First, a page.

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Management Competencies For the 21st Century
With the emerging of specific challenges, and the crucial role of businesses in that, we can derive the new management competencies urgently required. There are four inter-connected areas of such competencies - knowledge, attitudes, skills and habits. The MBA and EDP programs must be completely updated, accordingly.
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Formal management education, through a classic two-year full-time MBA program, began in India in the 1960s. The first batch, at IIM Kolkata, where I taught for some years, was admitted in June 1964. Since then, there have been many changes in the Indian and global macro environment. These are summed up in the acronym PEST (Political, Economic, Social, and Technological) aspects of the environment.
These, together, impact the business environment. Along with such environmental changes, the management curriculum has also been evolving. We are now at a major turning point. There are new challenges. They will require managers with new competencies. Our management education content will also have to rise to these challenges.
Indias 21st century challenges
Among the many challenges, we need to carefully look at, and face, four mega challenges. These are climate change, the rise of China, increasing inequality and the threat to the basic values of democracy, with a regulated, competitive market.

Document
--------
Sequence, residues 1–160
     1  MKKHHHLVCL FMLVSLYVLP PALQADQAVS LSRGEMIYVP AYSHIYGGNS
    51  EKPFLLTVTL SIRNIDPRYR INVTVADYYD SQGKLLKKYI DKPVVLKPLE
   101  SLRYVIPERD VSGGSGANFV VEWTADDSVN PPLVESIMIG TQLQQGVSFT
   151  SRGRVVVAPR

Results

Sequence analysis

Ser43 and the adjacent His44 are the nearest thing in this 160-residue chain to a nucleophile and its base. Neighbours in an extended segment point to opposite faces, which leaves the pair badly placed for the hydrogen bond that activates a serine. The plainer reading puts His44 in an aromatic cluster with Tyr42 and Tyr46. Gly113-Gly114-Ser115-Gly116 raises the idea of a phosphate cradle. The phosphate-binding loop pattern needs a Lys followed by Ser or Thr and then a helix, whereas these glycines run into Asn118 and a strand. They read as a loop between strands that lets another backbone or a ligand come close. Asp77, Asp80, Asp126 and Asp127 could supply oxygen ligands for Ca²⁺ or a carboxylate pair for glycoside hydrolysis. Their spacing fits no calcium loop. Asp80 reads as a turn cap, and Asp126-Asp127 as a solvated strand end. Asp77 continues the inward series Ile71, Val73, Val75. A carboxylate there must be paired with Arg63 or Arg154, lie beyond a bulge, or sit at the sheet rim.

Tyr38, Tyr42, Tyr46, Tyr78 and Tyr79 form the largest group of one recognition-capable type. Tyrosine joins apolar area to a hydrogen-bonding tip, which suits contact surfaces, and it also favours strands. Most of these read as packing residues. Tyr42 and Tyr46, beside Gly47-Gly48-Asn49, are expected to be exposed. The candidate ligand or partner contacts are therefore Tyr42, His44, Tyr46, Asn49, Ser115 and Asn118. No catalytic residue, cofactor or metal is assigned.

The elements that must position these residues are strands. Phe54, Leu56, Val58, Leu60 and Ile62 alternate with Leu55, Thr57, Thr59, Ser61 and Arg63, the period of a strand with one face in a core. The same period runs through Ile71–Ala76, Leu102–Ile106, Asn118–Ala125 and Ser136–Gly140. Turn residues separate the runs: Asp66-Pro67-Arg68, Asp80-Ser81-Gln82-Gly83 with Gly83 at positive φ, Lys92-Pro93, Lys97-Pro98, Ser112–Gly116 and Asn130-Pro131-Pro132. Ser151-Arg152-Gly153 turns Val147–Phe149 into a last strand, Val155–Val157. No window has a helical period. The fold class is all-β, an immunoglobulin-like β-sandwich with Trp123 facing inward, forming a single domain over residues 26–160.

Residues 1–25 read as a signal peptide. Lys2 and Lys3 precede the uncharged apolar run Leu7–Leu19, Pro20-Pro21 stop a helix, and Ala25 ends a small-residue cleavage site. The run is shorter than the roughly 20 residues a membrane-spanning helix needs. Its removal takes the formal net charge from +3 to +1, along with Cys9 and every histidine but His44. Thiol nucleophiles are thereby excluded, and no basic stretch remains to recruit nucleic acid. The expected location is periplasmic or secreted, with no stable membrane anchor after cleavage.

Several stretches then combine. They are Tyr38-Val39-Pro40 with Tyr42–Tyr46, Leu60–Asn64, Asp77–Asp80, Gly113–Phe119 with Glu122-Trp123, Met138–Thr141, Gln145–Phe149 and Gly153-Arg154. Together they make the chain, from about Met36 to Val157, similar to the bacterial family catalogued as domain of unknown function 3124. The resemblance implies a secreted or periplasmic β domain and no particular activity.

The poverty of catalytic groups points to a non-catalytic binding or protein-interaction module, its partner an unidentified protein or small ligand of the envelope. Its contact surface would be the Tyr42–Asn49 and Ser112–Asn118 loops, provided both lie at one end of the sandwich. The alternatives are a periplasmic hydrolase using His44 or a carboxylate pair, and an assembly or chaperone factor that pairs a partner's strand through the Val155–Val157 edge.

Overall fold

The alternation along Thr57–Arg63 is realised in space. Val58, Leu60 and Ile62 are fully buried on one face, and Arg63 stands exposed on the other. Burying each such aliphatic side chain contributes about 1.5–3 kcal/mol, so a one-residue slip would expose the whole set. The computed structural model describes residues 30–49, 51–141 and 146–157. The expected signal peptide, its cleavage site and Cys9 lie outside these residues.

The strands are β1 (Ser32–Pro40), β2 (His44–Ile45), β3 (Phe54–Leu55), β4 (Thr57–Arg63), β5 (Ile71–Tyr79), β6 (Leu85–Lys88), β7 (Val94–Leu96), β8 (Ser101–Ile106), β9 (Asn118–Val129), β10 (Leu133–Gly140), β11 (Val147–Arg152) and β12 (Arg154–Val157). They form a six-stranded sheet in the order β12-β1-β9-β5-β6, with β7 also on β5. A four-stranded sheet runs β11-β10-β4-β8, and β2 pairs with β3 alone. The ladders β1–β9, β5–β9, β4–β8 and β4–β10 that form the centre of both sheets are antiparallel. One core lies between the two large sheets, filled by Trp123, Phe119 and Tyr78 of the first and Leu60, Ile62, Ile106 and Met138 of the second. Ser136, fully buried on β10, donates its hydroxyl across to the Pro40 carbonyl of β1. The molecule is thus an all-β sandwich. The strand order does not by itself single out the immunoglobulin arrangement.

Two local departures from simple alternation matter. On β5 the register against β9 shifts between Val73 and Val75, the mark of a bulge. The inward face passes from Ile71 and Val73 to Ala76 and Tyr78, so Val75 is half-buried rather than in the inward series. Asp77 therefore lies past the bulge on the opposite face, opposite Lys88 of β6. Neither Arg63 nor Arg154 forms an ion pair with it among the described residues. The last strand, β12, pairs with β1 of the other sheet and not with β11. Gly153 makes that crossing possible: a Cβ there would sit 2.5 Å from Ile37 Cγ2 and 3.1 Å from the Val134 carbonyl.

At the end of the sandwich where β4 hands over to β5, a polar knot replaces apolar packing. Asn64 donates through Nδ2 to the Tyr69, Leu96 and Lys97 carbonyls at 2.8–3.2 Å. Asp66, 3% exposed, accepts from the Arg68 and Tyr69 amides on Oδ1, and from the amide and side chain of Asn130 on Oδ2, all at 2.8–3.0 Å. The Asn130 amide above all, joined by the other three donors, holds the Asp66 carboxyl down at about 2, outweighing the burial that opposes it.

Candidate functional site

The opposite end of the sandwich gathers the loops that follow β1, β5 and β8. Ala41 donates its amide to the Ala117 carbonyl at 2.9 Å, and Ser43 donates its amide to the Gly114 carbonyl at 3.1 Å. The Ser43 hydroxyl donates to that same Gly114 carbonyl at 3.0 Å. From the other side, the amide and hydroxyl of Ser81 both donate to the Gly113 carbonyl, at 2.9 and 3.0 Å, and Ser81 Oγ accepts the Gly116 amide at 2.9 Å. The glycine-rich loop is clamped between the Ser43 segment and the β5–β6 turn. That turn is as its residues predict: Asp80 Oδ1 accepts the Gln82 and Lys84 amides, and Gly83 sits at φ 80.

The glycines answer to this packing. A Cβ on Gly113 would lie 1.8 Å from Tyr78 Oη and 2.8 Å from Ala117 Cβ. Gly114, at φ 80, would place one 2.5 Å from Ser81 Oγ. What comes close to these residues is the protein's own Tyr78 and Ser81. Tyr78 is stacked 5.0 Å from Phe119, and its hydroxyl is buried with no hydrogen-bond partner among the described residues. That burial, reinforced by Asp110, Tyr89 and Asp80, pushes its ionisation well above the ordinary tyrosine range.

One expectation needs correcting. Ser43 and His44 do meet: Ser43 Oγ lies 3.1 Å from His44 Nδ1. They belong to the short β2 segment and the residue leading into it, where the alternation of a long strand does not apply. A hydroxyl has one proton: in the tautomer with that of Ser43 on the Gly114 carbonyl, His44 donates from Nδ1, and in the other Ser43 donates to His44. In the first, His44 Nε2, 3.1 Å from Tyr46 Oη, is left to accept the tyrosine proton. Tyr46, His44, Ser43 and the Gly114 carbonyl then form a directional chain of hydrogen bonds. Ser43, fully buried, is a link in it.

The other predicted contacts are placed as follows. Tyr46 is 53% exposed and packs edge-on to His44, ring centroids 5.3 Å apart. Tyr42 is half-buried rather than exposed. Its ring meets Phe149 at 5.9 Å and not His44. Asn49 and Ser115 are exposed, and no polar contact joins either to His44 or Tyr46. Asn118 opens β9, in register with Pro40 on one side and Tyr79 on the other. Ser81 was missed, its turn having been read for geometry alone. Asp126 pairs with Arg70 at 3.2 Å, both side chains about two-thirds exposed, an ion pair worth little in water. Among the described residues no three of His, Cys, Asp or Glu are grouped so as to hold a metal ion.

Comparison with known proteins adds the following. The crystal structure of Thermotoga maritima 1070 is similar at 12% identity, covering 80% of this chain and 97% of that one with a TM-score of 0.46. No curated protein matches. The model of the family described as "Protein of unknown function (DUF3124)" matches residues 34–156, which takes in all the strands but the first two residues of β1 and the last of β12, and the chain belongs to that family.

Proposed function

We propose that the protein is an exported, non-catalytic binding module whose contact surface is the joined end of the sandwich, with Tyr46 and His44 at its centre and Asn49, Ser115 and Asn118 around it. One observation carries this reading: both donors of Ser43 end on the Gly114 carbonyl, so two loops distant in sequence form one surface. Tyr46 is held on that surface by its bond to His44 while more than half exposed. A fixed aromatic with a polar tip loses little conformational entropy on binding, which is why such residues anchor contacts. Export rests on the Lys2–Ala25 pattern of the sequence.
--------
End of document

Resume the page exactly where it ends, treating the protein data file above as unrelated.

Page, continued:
National and global formal discussions on climate have been taking place since the Rio Conference in 1992. Governments, businesses, consumers and people have been slow to act. Climate change, warming and deterioration of our environment have been accelerating. During the COP 26 event in Glasgow, in November, all countries were asked to make fresh commitments, to achieve the goal of limiting warming to an increase of only 1.5 degrees. India has made five commitments, including net-zero by 2070, and four others to be achieved by 2030. These have implications for Indian businesses, management education and certainly B-Schools.
China has emerged as a huge challenge to India in economics, military, technology and politics. We have started a two-prolonged response -- Atmanirbhar Bharat (self-reliant India) and alliances with leading democracies just as the Quadrilateral Security Dialogue (Quad) in the Indo Pacific region. These national policies create new opportunities and threats for Indian businesses.
They require appropriate new strategies, organisation, human resources, systems etc. Inequality tends to rise in almost all countries, irrespective of their political and economic systems. All governments pursue high GDP growth. It does bring many benefits. But it also accentuates inequalities. Only a few countries in Europe, especially in Scandinavia, have got political and social acceptance of high taxation and redistribution. Covid-19, and its subsequent variants, Delta and now Omicron, have further widened the gap. Inequality creates dissatisfaction with democracy and instability.